November 23, 2020 Filed in: Articles

Philip Freeman (

The authors were inspired to write this article while they worked on Perimeter Institute’s new black hole resource together. To learn more about general relativity and black holes and find ready-to-use, hands-on activities you can do with your class, download the free resource here.

One of the most startling and remarkable discoveries of the 20

One common analogy used to introduce general relativity is the idea of a “mass on a rubber sheet” or “bowling ball on a trampoline”. The bending of the surface caused by the mass pulling the sheet down is used to illustrate the curvature of spacetime in general relativity. A rolling marble on the surface follows a curved path, or “orbits” the central mass, giving convincing evidence of the parallel between the sheet and the action of gravity. But there is a problem with this demonstration – it isn’t showing what it claims to show. In this article we argue that this analogy, as used, is fundamentally flawed and creates significant misunderstanding for both students and teachers. We explain where the problems arise, and how to avoid these problems and still provide a strong visual model and deeper understanding of how general relativity works.

We all use analogies ― they give our brains a break and make the unknown seem more familiar. If you’ve never seen a giraffe, being told that it is like a long-necked horse is pretty helpful. But analogies are also dangerous because they are inherently wrong. A giraffe is like a horse in some ways, but it is different from a horse in many important ways. Without explicitly stating the limitations and boundaries of the analogy, the risk is that it is overextended, and misconceptions are introduced. Many misunderstandings about physics in general, and modern physics in particular, come from overextended or poorly chosen analogies.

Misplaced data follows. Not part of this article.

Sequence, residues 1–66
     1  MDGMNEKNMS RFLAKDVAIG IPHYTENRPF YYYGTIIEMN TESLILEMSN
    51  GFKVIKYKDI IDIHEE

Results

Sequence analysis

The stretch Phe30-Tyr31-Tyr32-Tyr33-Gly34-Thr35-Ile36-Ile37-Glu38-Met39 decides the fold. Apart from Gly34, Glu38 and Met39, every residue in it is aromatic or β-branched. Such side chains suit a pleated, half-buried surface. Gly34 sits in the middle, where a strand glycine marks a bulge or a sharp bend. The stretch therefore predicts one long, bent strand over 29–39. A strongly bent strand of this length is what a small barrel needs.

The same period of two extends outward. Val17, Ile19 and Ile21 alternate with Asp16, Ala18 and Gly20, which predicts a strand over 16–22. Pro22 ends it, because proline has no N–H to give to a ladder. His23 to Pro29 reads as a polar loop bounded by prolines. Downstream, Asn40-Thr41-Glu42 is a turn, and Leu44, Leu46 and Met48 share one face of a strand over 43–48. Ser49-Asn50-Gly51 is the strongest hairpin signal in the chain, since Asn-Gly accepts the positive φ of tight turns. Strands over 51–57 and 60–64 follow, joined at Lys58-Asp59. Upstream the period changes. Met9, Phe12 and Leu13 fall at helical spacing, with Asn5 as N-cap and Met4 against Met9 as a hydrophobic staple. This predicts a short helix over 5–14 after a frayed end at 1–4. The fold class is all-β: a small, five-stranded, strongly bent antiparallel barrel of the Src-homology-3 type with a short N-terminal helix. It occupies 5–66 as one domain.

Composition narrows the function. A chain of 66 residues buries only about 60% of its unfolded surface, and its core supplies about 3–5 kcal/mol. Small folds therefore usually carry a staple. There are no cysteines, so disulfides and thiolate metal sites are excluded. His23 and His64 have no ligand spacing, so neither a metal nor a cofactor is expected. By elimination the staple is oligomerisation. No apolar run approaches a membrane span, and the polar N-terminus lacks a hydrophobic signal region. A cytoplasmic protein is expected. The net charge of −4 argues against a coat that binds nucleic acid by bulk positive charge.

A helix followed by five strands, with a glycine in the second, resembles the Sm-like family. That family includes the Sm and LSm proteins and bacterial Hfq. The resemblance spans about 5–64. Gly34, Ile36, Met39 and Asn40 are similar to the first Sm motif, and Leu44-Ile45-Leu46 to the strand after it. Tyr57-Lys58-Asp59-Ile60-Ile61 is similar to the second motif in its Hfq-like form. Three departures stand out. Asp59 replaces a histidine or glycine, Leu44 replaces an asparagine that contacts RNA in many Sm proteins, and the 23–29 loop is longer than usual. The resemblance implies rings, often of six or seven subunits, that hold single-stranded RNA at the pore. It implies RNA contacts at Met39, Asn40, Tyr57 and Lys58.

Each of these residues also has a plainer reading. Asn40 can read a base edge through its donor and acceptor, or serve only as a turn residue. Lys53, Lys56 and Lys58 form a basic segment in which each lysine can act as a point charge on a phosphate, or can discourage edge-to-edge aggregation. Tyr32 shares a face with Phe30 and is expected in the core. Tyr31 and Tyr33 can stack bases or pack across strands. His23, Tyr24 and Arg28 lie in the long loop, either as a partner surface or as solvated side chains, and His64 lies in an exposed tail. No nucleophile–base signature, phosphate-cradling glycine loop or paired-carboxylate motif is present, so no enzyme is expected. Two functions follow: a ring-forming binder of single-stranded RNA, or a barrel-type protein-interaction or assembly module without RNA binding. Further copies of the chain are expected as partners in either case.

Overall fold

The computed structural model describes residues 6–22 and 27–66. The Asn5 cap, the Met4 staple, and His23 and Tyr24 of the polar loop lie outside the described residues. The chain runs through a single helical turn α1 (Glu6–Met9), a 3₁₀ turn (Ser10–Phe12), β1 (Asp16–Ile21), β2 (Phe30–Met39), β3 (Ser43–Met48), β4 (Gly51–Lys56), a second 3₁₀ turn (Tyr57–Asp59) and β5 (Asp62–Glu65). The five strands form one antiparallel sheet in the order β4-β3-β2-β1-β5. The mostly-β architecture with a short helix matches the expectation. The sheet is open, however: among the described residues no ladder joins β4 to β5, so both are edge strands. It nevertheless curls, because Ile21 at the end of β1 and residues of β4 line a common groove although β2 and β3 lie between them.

The bowling-ball-trampoline analogy has several problems, some of which are shown in the xkcd cartoon in

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Second, why does the marble roll down into the well? Because it is being accelerated by the Earth’s gravity and the force from the fabric (see

General relativity is a geometric theory and not a theory of forces. General relativity holds that the path of an object moving near another massive object appears deflected but is in fact following the shortest path (called a geodesic) with no force acting and no acceleration. The geometry of spacetime causes this straightest possible line to appear curved compared to expectations of our usual flat geometry.

Ultimately this difference results from the distance between points on the surface having a different relationship than the one we usually take for granted, so that it no longer follows the same geometric rules. We see such changes when we try to make three-dimensional surfaces match with our familiar two-dimensional plane. Anyone who has done any sewing of clothing knows that making flat fabric fit a human body is not trivial. The various notches and gussets of a pattern are necessary because of curvature. Similarly, airplane routes along ‘great circle’ paths look like massive detours on a flat map but are indeed the shortest route possible.

In a demonstration of general relativity, trajectories should curve because they are following the shortest paths in a space with curvature and this can be shown with the bowling-ball-trampoline analogy. We can illustrate a “straightest line” path on the trampoline by laying down a strip of tape so it is as flat as possible. Any deviation from the “straight” (or shortest) path will wrinkle the tape.

Even the brains of physicists who have been studying general relativity for years can’t handle visualizing three dimensions of space mixed with time all acting in a non-Euclidean way (you are not alone!). To simplify it they sometimes remove time completely and also remove one dimension of space.

An embedding diagram shows how a slice of 2-D space (a plane) is curved in general relativity by embedding the slice in a make-believe third dimension.

Looking at

Can we ‘fix’ this analogy to help understand general relativity?

A good analogy for general relativity should rely on curvature, not on a Newtonian description of gravity through forces. When illustrating curvature in general relativity, you can bend the fabric up or down (as shown in

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Either way you bend the fabric the same curvature is created, and all the effects on geometry are the same. Rather than bending the fabric down using a massive object placed at its centre, if you bend the fabric up you remove the confusing role of Earth’s gravity causing the bending and the misleading effects of the forces from gravity and the surface. To bend the fabric up, you can place a support like a flask or funnel with a marble on top beneath the fabric as shown in